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Dam Safety & Security

FERC proposes expanding PFMA process to more dams

The Federal Energy Regulatory Commission (FERC) proposes applying the Potential Failure Mode Analyses (PFMA) process to more dams. The process would be expanded to include significant-hazard-potential dams that do not require Part 12D inspections. Additionally, low-hazard-potential dams greater than 9 feet tall or which impound more than 25 acre-feet would be included.

Part 12D inspections are inspections performed by an independent consultant, as stipulated in Part 12 of the commission’s regulations for the safety of hydropower projects and project works.

PFMAs are conducted by reviewing available information about a dam and then analyzing the ways in which the dam could potentially fail, through a facilitated discussion among representatives of the owner, including the consultant, if applicable, and a FERC inspector.

Over the past six years, FERC has conducted PFMAs for all high- and significant-hazard-potential dams that require Part 12D inspections.

FERC said it would refine the proposed process as necessary, based on completion of several regional pilot projects and feedback from dam owners. It anticipates implementing the program before the end of 2008. FERC envisions it could take up to six years to complete all new analyses.

In a letter to dam owners, FERC said it anticipates the scope of PFMAs for the low-hazard-potential dams will be less involved and less complex than PFMAs for projects subject to Part 12D inspections.

For significant-hazard-potential dams that do not require Part 12D inspections and for low-hazard-potential dams, the PFMA would be accomplished as part of the FERC dam safety inspection.

FERC said the PFMA process, part of the commission’s Dam Safety Performance Monitoring Program, has been highly successful in providing an improved understanding by all parties of the design and construction, history, and operation of the project. It also has improved understanding of how each of the aspects influences potential failure modes of a particular structure.

Significant-hazard-potential dams

For significant-hazard-potential dams without a Part 12D inspection, the owner would take the lead in the PFMA, under FERC’s proposal. The owner is to follow guidance provided in Chapter 14 of FERC’s Engineering Guidelines for the Evaluation of Hydropower Projects.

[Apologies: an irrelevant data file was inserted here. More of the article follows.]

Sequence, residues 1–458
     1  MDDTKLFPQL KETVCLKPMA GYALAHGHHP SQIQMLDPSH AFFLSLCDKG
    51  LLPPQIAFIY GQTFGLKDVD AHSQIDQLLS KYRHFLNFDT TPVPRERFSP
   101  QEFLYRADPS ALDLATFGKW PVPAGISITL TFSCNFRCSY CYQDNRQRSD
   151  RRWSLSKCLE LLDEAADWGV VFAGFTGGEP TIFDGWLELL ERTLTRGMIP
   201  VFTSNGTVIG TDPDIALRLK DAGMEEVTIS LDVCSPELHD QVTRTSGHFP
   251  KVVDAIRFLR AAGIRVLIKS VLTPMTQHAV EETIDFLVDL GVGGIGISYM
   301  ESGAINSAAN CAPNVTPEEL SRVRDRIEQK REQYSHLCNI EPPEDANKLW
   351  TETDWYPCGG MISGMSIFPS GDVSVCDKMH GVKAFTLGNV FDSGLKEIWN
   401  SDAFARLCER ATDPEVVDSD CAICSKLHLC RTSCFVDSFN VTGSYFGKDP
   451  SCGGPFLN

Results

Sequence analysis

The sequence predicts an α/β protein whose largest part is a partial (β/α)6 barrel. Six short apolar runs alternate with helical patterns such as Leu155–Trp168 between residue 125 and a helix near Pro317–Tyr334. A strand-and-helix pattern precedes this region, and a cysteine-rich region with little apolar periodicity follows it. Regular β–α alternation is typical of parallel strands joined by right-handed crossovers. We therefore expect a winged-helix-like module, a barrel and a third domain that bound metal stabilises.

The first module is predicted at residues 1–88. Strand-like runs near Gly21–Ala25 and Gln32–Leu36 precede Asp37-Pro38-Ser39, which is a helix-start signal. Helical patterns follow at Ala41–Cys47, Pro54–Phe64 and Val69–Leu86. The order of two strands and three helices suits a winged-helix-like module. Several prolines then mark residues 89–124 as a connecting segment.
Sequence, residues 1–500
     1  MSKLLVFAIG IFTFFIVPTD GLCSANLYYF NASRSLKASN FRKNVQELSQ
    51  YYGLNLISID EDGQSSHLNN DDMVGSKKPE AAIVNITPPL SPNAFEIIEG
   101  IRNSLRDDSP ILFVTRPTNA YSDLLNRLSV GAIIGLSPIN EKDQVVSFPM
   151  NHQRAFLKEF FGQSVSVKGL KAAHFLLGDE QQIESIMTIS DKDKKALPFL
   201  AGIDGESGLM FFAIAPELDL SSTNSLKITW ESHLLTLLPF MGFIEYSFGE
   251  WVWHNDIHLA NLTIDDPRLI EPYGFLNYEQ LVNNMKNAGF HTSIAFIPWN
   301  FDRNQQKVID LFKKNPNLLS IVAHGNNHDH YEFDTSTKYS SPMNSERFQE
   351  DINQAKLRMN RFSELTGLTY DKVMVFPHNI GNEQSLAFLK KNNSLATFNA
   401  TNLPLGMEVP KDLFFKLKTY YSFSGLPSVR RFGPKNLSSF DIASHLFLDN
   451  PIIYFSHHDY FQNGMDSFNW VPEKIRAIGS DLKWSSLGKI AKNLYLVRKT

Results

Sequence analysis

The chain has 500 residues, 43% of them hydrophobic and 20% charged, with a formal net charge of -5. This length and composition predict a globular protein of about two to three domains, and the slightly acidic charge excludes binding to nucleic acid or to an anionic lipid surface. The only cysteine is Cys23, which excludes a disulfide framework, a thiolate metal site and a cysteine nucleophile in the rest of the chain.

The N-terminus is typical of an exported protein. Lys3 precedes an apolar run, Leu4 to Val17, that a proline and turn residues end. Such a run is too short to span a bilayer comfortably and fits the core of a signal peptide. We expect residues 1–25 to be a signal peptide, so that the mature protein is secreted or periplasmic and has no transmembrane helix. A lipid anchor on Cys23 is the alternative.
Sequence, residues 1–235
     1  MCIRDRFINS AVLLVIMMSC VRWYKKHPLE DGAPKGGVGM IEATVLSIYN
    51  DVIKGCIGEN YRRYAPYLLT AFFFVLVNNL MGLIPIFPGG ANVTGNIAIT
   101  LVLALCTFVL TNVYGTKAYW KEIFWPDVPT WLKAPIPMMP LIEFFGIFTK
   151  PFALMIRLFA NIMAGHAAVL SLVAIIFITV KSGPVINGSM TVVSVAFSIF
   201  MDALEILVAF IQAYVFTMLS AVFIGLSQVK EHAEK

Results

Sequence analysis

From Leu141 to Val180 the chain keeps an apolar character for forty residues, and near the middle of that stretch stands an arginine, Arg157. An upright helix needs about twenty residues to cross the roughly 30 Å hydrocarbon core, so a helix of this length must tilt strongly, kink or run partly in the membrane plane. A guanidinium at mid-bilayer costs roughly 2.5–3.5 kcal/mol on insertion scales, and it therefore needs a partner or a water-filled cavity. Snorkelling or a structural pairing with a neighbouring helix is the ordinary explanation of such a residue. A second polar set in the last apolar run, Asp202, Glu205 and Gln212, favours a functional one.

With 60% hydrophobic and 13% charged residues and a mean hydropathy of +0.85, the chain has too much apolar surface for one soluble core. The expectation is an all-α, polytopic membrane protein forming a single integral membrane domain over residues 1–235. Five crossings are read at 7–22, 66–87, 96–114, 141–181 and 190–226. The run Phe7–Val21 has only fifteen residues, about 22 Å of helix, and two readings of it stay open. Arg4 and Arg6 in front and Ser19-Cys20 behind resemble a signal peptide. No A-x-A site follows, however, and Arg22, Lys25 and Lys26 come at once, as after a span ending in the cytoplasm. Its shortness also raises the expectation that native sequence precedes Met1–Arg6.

The owner can perform the program with in-house dam safety knowledge, experience, and expertise, if available, or by retaining a consultant, FERC said. The facilitator should be a civil engineer with a broad background and experience in dam safety. A FERC engineer is to participate in the PFMA.

Low-hazard potential dams

For low-hazard-potential dams greater than 9 feet tall, or that impound more than 25 acre-feet, the proposal calls for the FERC project engineer normally to serve as the facilitator, and to lead the PFMA and the inspection.

However, FERC said, dam owners who prefer to take the lead and conduct the PFMA will be encouraged to do so.

Michigan utility begins rebuilding Silver Lake Dam

Upper Peninsula Power Co. is rebuilding the failed Silver Lake Dam, part of the 11.2-MW Dead River hydroelectric project in Michigan.

The dam was breached by an emergency fuse plug failure in May 2003. (See "Dam Safety & Security," September 2007.)

UPPCO said is building a new 150-foot-long concrete spillway, lengthening and raising existing dikes, and building a new 450-foot-wide, 40-foot-tall earthen dam at the site of the breach. The company approved up to $17.6 million for the project, of which it already has spent $4.5 million to meet costs for development and design work.

Bacco Construction is providing earthmoving services and subcontracted the concrete work to CR Meyer. STS Consultants is performing quality control and inspection during construction.

The new dam is expected to be in place in 2009.

BC Hydro prepares to strengthen Strathcona Dam

BC Hydro proposes making seismic improvements at its 68-MW Strathcona Dam project, which features the largest earthfill dam on British Columbia’s Vancouver Island.

The 53-meter-tall, 511-meter-long dam impounds the Upper Campbell Reservoir. Two turbine-generating units at the toe of the dam possess a total installed capacity of 68 MW, or enough power to supply 67,000 homes.

Seismic improvements to the dam, constructed in 1958, are to include:

 

Although the project is in the preliminary design stage, BC Hydro has estimated it could cost as much as C$70 million (US$69.4 million) to mitigate piping and seismic risk at the dam. (See "Dam Safety & Security," October 2007.)

The tendering process is not expected to start before summer 2009, with work beginning in later 2009 or early 2010.

Dam safety upgrade work is expected to take three to four years to complete.

For an eight- to 12-month period during intake tower work, there will be no water flow through the generating station, and therefore no power generation.


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